Can we describe biomethane as “renewable”? That is another issue that has to be looked at. I would argue that it is one of the major renewables, especially if it comes from manure. I have had many arguments in the context of agriculture about greenhouse emissions from the methane produced by cows and sheep. One of the major problems, which is interesting, is that it is difficult to tell what those emissions would be, unless you attached a bag to both ends of the animal. That would mean that you would end up with a dead cow or sheep, but you would know what the biomethane output was. I raise that only because the climate-change ambassador for New Zealand and I had lunch. I was surprised to hear that New Zealand claims that it has less flatulent sheep than we have here. I find that very hard to accept, because its criteria are based on the intensive rearing of sheep which means that there is a higher methane output. In Northumberland, where there is at worst one sheep in every two acres, that is not the case at all. However, we still have the problem of the methane, and biomethane removes that.

6.45 pm

As a renewable, biomethane has major benefits because it is very energy-efficient, especially if it is added to a CHP plant. We will be coming on to combined heat and power, which makes the use of any gas far more efficient. One problem, however, is that these processes, as has been expressed in “The Archers”,

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are quite odorous in their nature, so you do not want to stick the plants close to tower blocks where a district heat system could be used. You might win on one side but lose the support of many of the residents in another aspect.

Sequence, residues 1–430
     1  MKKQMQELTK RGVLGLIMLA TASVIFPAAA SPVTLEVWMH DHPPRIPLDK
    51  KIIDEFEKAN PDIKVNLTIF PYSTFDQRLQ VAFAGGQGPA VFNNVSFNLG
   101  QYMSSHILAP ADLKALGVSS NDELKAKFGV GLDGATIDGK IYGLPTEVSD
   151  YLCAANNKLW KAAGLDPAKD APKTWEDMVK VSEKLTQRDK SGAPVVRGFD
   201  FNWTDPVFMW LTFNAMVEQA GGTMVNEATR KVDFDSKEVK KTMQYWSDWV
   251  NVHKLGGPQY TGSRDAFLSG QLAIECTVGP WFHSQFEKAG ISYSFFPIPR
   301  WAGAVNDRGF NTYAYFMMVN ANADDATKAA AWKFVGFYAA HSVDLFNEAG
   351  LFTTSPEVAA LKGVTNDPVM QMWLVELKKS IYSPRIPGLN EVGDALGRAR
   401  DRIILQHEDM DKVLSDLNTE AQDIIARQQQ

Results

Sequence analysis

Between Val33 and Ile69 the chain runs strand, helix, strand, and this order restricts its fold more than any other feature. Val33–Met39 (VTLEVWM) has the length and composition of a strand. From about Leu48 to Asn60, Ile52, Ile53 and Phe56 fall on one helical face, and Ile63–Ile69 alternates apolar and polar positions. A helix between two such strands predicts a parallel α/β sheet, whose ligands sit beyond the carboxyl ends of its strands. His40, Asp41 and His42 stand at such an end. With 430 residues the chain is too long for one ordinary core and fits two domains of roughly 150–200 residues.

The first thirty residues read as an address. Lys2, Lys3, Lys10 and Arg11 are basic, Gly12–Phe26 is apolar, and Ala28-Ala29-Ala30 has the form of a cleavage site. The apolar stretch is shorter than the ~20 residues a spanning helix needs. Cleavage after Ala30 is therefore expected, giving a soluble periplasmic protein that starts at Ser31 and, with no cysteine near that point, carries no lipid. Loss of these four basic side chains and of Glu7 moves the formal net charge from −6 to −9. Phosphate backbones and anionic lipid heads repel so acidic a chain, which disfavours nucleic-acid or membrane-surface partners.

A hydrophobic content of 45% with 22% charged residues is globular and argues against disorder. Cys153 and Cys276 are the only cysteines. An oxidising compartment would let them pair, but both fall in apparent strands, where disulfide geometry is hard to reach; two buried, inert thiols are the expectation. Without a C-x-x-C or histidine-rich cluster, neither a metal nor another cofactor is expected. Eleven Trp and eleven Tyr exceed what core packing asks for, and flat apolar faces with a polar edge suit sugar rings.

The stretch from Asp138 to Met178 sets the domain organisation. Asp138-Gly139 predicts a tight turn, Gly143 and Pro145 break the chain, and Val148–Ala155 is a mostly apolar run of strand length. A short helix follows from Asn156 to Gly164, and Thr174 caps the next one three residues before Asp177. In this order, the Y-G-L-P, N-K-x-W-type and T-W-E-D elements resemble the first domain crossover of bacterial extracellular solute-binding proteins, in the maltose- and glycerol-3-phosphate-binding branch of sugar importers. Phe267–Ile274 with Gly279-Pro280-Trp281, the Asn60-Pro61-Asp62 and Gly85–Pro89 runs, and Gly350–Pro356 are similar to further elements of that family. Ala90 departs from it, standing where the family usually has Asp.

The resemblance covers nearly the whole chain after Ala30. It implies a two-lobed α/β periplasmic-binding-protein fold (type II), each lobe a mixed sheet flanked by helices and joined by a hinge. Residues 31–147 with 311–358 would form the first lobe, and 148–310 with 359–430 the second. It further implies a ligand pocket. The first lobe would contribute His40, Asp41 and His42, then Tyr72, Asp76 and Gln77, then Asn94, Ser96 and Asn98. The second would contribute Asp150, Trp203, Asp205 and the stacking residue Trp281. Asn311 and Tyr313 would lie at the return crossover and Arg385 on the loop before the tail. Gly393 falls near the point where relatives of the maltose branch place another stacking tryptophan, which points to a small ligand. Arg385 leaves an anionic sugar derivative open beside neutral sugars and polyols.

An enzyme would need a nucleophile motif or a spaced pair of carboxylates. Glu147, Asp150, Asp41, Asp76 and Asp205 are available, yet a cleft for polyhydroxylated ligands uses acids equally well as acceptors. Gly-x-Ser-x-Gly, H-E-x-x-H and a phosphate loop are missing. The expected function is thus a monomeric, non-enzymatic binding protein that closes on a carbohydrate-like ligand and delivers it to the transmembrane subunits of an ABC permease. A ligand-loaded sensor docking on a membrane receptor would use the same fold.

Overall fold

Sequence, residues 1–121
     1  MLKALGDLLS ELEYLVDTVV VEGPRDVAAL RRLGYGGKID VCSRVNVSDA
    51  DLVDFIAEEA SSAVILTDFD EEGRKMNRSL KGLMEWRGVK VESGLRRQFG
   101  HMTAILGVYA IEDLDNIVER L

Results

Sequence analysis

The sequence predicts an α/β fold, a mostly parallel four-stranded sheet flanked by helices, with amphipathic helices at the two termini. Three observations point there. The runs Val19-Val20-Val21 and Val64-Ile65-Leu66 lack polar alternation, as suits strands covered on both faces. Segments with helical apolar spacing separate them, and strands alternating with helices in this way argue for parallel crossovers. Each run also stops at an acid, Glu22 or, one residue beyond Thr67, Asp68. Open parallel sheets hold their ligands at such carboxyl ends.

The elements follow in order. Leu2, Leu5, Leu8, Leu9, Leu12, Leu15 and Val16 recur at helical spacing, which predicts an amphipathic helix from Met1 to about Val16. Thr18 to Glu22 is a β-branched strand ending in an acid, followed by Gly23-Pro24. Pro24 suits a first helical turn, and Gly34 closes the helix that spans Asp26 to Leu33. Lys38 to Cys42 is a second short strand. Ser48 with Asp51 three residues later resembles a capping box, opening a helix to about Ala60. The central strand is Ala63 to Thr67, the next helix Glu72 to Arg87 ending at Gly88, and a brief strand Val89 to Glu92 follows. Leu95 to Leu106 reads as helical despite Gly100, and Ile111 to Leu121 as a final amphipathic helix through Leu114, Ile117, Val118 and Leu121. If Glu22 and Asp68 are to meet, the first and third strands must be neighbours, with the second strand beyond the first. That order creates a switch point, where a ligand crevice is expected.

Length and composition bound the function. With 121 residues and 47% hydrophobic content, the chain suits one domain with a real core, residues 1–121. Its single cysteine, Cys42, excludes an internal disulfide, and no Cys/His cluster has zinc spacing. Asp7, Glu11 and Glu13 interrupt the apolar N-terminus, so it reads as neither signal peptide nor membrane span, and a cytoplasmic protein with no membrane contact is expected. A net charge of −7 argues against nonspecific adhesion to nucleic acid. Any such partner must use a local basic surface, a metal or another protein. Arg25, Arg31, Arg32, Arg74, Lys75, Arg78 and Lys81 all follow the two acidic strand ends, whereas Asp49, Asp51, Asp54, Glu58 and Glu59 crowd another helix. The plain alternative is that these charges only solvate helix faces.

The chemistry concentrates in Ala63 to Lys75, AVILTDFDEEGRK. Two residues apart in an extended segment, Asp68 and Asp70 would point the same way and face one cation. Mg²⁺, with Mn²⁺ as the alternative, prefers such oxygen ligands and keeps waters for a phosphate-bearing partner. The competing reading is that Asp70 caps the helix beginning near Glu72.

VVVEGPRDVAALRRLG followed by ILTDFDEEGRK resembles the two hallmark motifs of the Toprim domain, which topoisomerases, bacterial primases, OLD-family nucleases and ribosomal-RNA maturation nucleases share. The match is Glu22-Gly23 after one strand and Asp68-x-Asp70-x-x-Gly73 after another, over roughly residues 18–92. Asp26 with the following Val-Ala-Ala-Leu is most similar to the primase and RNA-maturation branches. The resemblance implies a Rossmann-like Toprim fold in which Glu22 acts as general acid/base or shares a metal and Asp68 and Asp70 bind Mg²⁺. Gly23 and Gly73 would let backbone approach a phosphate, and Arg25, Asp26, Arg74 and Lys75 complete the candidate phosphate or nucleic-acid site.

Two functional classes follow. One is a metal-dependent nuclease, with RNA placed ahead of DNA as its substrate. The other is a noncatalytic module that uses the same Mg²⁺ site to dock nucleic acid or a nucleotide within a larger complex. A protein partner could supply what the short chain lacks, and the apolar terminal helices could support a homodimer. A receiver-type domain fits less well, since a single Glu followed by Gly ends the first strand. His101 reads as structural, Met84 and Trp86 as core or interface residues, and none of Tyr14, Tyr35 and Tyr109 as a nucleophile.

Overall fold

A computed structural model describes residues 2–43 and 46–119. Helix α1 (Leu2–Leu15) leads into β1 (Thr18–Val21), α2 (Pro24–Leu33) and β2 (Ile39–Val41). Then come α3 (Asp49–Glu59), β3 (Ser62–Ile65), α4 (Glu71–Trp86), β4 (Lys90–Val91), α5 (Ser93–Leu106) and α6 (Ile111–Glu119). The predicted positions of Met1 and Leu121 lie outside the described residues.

Much of the methane is losing out on its major benefit through CHP because it would have to be transported from site and therefore injected into the gas grid. This is the important aspect of the Bill. The attraction of renewable obligation credits is that they would allow biomethane to be injected into the localised grid, over and above being dealt with by local energy electricity generation—or, as in the case of landfill, which is a major problem, by sometimes being flared off directly into the atmosphere. The latter has been banned on offshore oil and gas rigs, and it seems incredible that we allow it to take place on landfill sites, which are a direct result of human activity.

We need to look at the benefits of what is happening in other parts of the world. Within Europe, it has been estimated that if the sustainable production of biomethane were optimised at 500 billion metric cubic whatever it is—I love it when they give you a briefing and you have no idea what the unit you are measuring represents. I apologise; I have just realised that they have a different measuring system in my notes. The calculation is that optimisation would result in a reduction of 15 per cent of Europe’s CO2 emissions.